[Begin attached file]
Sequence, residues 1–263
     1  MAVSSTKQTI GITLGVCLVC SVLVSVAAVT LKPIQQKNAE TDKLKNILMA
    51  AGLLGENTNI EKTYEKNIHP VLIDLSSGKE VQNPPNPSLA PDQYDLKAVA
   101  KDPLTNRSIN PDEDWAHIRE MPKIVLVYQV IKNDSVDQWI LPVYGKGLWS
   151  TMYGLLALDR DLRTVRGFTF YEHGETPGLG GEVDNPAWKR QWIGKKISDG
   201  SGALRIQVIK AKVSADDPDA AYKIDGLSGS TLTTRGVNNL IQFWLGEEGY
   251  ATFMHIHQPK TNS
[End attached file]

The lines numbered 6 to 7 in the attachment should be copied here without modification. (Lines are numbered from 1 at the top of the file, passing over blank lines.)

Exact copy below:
   201  SGALRIQVIK AKVSADDPDA AYKIDGLSGS TLTTRGVNNL IQFWLGEEGY
   251  ATFMHIHQPK TNS